Barbary remembers crying every day and being frightened, not understanding what she was experiencing. Although she was first diagnosed three months after giving birth in an insurance hospital, she was dumbfounded to learn that she could not cover the cost of the operation because she did not carry medical insurance.
It was only through her sister’s work colleague that Barbary was connected to a doctor who finally performed the operation pro bono.
“I was very scared. This unknown condition brought me psychological problems … I not only blame the negligence of the doctors, but their ignorance. I simply needed to understand, to be told what was happening to me,” Barbary says.
The deferred court case she filed against the hospital and untrained doctors that gave her the fistula cites malpractice as one of the main charges.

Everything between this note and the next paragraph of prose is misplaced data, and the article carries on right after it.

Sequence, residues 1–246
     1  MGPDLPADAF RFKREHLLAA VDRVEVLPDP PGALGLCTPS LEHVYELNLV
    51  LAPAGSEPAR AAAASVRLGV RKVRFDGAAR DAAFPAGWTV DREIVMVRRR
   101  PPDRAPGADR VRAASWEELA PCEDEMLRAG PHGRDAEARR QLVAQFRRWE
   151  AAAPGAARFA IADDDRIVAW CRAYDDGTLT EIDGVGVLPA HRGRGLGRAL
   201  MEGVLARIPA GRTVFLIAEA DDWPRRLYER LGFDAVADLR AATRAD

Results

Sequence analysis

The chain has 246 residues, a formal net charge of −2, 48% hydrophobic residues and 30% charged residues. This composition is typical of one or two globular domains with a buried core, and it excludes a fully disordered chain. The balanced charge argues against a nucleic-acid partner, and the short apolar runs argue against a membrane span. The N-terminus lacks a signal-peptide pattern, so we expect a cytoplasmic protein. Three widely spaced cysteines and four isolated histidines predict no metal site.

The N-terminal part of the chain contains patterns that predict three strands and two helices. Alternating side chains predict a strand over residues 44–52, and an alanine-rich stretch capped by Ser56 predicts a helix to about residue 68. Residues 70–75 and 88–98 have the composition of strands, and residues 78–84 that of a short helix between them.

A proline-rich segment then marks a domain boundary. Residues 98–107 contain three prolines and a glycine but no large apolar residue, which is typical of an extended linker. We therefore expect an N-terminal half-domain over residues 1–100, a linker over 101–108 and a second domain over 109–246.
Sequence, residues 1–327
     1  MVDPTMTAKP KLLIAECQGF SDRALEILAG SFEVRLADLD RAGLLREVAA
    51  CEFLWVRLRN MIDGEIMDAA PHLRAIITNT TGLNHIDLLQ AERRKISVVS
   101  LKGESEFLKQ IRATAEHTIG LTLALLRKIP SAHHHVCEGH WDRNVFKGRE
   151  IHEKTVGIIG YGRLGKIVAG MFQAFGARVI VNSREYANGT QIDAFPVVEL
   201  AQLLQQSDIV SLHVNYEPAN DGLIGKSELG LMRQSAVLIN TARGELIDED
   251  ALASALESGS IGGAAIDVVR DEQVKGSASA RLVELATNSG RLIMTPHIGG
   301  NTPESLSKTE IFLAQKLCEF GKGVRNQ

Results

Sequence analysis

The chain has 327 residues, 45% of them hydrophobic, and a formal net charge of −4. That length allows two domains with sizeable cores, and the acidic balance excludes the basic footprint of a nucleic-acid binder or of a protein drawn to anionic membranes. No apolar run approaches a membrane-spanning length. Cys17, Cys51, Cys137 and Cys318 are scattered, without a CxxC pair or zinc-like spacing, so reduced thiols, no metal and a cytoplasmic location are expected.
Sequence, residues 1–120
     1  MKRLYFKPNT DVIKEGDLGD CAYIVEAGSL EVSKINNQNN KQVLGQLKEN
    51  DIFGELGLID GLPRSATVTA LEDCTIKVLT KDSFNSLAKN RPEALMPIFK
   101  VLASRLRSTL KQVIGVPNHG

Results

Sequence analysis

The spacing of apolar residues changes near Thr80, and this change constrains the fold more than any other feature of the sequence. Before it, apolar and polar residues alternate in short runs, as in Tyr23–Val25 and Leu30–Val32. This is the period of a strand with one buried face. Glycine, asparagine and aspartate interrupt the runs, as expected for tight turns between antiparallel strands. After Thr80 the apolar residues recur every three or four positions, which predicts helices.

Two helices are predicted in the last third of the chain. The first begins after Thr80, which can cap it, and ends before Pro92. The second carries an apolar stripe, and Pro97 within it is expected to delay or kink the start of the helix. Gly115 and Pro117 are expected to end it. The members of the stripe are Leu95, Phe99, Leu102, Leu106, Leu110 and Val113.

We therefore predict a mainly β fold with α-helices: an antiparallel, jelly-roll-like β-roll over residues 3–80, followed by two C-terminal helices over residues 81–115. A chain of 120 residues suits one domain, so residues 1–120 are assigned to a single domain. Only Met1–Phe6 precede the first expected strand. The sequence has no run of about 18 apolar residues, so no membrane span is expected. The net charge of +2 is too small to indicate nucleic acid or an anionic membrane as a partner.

Tarek Osman, a urology professor at Ain Shams University, says bad economic conditions contribute to the problem.
“Surgeons are untrained and unsupervised and will go at any cost to practice, especially in villages … In essence, the triangle of lack of training, bad economic conditions and absence of supervision make up the factors behind the development or formation of fistula in Egypt,” he says.
While malpractice is at the heart of fistula complications, the lack of good treatment options compounds the problem.
A 42-year-old fistula patient from Beheira, who chose to remain anonymous, was quickly diagnosed soon after she came out of labor. She was told that her gynecologist had sewn her uterus to her bladder and colon.
Because her case had severe complications, the first attempt at surgery did not succeed, and she was asked to wait until a more specialized doctor operated on her as part of a fistula medical mission that visited Luxor last year.